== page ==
Auckland, New Zealand's Housing Crisis

Housing Intensification – Friend or Foe?

During a conversation this morning with a senior New Zealand police officer, the topic of housing security arose. He highlighted many issues, one of which is the increasing frequency of teenagers from reasonable neighbourhoods causing trouble in public spaces, misusing their vehicles, and showing a general disregard for authority – a problem often unbeknownst to their presumed affluent parents. This led me to ponder the impact of our residential environments on societal health and behaviours.

The old property investment adage, ‘buy the worst house on the best street’, still holds some truth. However, it does not entirely shield us from societal issues like bored, mischievous youths. This raises the question: can we design our homes and communities to be safer and healthier?

The challenge becomes more complex when we consider housing intensification. A recent UK government-funded study illuminated the potential pitfalls of this approach, showing that cramming as many homes into as small an area as possible often does more harm than good.

In my observation, only about 20% of the new housing developments over the last decade have successfully balanced medium to high-density housing with adequate privacy, recreational space, and basic amenities. One significant casualty of housing intensification is often sufficient off-street parking, forcing residents to walk long distances from their cars to their homes, a journey made even more arduous in bad weather. The lack of recreational areas, parks, local stores, and adequate public transport leads me to ask: are we creating communities or just housing estates? Furthermore, when we pack these houses so close together, the fire risk to neighbouring properties undoubtedly increases. If you’ve ever seen how quickly a timber-framed house fire engulfs itself, you’ll know this is a significant risk that our planners should not overlook.

You could also argue that many are paying first class airfares for economy class seats.

Noise pollution and disputes among neighbours also impact mental health. Surprisingly, our planning policies might be exacerbating a problem that some governments are spending billions to solve.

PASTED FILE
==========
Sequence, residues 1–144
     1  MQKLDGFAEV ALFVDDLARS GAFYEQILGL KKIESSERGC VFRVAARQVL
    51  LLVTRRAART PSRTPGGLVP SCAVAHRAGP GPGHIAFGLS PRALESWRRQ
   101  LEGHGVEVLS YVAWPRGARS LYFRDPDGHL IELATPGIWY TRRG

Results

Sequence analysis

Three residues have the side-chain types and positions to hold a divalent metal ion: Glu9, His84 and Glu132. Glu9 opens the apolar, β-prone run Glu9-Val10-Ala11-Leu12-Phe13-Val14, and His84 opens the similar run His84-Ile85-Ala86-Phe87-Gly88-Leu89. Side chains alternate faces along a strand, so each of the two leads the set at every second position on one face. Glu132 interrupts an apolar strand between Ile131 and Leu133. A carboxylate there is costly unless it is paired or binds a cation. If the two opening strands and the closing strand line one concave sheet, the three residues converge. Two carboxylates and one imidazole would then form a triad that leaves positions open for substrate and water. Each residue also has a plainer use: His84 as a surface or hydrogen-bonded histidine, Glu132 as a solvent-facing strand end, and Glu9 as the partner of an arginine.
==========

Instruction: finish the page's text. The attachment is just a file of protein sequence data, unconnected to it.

Consider air travel as an analogy. Who enjoys the discomfort of a long-haul economy flight? Similarly, housing intensification often results in residents feeling ‘packed in like sardines’, leading to stress and diminished quality of life. You could also argue that many are paying first class airfares for economy class seats, such is the cost of building today in most countries.

A friend in Auckland recently expressed concern about his neighbour’s plan to demolish a single-family home and replace it with as many multi-storey units as the council would allow. His worries about his privacy, reduced view, lack of neighbour parking, and property value are all valid concerns in my opinion.

So, who benefits from housing intensification? Is it an appropriate solution for a country like New Zealand, with a relatively small population concentrated in a few densely populated hubs, despite having a landmass comparable to the UK – yet only 7% of the population?

Some might argue that people have no option but to buy these intensified and expensive homes. However, another option could be to buy a better house in a less populated suburb and commute to work. A robust public transportation system could make this feasible, alleviating pressure on densely populated areas like Auckland.

When I lived in the UK, I used to commute up to 2 hours (sometimes more) each way to work. This would be rare in most countries even today. I used various forms of public transport that allowed me to work or read a book to pass the hours away. It was a small sacrifice to live in a really lovely place that I could afford. It was also a life choice that may not suit all, but in my opinion, it was the better choice. So, while housing intensification may appear to be a quick fix for housing crises, we must consider the long-term impacts on societal wellbeing and mental health. We need to think more holistically about our housing strategies, prioritising not just the quantity of homes, but also the quality of life they offer. I truly believe there are much better options available; we just need to see the bigger picture.